Noise aversion is a common problem that affects many household pets, but the condition is not caused by lack of training or disobedience. Noise aversion is a medical condition akin to panic attacks in humans, and negatively impacts your pet’s quality of life. The team at Star of Texas Veterinary Hospital wants to educate you on this concerning topic and provide strategies to help mitigate your pet’s fear.
Is my pet afraid or phobic?
Fears typically develop gradually, and your pet’s rational reaction depends on the situation. Their response is typically proportional to the stimulus. In contrast, a pet usually develops a phobia rapidly, and regardless of the stimulus level, their response is intense and irrational. A noise phobia is defined as a sudden, profound response to noise, manifested as active avoidance, escape, or anxious behavior, such as an inability to move, repeated vocalization, and trembling. A storm phobia is a class of noise phobia, and is defined as an extreme response to the components of a storm, including thunder, lightning, darkness, wind, and barometric changes.
How does noise aversion affect my pet?
A noise phobia not only affects your pet’s emotional well-being, but also causes physical manifestations. Their heart rate, respiratory rate, blood pressure, and cortisol levels are increased. Wound healing is delayed. Stress-induced colitis can occur, and cats can suffer from stress-induced feline idiopathic cystitis.
How do I know if my pet is affected by noise aversion?
Phobic reactions worsen if left untreated, making early intervention key to successful treatment. Recognizing the signs, and seeking help early in the process, will prevent your pet’s signs from escalating. Pets who suffer from noise or storm phobias are also more prone to developing separation anxiety and other stress-related conditions. Noise phobia signs include:
- Salivation and panting
- Urination and defecation
Noise phobias can be inherited, so if your pet’s parents or siblings have a history of problems, your pet will be at risk. Herding dogs are especially prone to these conditions and should be monitored closely.
How is noise aversion treated in my pet?
Environmental management strategies can reduce your pet’s exposure to the problematic noise. Provide music or white noise to mask the sounds, and move your pet to a more sound-proof area in the house. These methods can help, although they do nothing to treat your pet’s phobia.
Behavior modification can help desensitize and counter-condition your pet. Record or download the noise that causes your pet’s phobic response. Play the sound at a low level, and if your pet stays calm, reward them with a high-value treat or playtime with their favorite toy. Over several days or weeks, gradually increase the sound level, rewarding your pet everytime they stay calm. If your pet becomes distressed, lower the volume back to their safe level. At the next session, start with the volume at the safe level. If your pet is exposed to the actual noise that causes their phobic response during this process, their progress can be severely hampered.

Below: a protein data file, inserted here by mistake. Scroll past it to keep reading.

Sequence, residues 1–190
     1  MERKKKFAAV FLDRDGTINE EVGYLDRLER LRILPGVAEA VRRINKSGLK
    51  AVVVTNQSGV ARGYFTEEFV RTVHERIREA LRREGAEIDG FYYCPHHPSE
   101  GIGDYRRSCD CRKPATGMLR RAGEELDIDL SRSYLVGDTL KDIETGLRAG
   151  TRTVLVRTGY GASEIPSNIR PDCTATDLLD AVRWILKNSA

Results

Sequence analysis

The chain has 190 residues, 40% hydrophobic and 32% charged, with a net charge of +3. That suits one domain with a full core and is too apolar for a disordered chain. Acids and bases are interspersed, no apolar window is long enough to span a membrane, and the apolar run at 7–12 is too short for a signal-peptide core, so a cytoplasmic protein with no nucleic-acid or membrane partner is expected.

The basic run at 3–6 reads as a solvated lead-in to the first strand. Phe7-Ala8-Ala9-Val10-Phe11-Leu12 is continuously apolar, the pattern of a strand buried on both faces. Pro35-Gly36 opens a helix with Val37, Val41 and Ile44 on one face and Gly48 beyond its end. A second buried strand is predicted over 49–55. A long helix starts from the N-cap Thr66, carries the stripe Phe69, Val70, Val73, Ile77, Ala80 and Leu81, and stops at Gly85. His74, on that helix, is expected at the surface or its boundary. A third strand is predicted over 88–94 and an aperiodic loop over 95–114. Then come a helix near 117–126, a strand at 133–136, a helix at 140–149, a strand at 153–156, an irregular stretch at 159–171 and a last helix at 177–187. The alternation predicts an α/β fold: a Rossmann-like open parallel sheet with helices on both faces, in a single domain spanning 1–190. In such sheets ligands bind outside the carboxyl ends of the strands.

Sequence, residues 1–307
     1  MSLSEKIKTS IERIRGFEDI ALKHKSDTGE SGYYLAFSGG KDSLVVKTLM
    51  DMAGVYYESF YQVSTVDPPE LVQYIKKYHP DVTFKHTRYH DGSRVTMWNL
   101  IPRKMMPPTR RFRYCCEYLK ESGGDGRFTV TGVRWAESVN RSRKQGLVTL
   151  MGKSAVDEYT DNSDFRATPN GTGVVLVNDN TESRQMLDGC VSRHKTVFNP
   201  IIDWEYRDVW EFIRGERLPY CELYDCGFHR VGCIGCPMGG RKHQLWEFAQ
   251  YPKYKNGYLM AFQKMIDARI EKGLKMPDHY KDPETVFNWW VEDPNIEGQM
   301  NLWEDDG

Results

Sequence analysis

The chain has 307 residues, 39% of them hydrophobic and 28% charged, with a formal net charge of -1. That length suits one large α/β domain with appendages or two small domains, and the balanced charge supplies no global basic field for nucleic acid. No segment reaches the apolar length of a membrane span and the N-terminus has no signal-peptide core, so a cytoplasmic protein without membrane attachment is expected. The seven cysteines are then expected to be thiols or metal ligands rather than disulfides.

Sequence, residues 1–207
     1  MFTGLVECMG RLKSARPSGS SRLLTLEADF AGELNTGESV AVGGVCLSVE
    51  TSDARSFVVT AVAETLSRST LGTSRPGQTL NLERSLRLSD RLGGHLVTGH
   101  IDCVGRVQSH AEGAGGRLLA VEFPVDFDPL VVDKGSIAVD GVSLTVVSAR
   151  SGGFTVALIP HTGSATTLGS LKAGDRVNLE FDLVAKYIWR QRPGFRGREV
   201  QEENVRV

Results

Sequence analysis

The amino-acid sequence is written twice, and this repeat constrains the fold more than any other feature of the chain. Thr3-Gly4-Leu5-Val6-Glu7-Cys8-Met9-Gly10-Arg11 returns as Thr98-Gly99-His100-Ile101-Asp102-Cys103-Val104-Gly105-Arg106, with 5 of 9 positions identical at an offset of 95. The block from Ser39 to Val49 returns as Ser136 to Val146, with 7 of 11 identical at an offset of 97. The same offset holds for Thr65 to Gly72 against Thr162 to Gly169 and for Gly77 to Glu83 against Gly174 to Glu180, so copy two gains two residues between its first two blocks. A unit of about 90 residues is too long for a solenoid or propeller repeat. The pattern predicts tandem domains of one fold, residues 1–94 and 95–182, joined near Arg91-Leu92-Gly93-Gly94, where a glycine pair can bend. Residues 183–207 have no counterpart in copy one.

When your pet exhibits a phobic reaction, do not show them excessive attention or attempt to comfort them, because they will interpret this as a reward for their behavior. Stay in the same room with your pet, and allow them to approach you if they wish. If they do come near, you can apply gentle, continuous pressure with your arm or body. If your pet is large enough, you can lean against your pet to offer emotional support.
Your pet is not misbehaving when they react violently to noise. Punishment is definitely not an appropriate response and will only cause further distress and anxiety. Forcing your pet to experience the frightening situation is also contraindicated. If your pet is left without an escape route, they may resort to aggressive behavior to avoid the situation.
Can calming products help my phobic pet?
Several commercially available products are touted to help pets cope with noise aversion. Some pets benefit anecdotally from these products, but none have been tested in clinical settings.
- Pheromone products — Species-specific synthetic pheromones are designed to reduce your pet’s general stress. They are undetectable to humans, but reproduce dog and cat pheromones. They are sold in various forms, including diffusers, sprays, wipes, and collars.
- Compression vests — These vests apply constant gentle pressure to your pet’s torso, and work the same way that swaddling calms a baby.
- Eye shades — Eye coverings that permit no light or diluted light may help some pets, but other pets become more afraid if they cannot see.
- Ear protection — Muffling the noise can help some pets, and products that fit dogs are available.
Can nutraceuticals and pharmaceuticals help my phobic pet?
Supplements are available that are designed to provide relief for general anxiety, and the FDA has approved a drug that treats noise aversion in dogs. Remember, never administer any supplement or drug to your pet without first consulting a veterinary professional.
If your pet seems to have a noise or other phobia, their overall well-being is negatively affected. If you think your pet is suffering, do not hesitate to contact the Fear Free team at Star of Texas Veterinary Hospital. We can help alleviate your pet’s distress.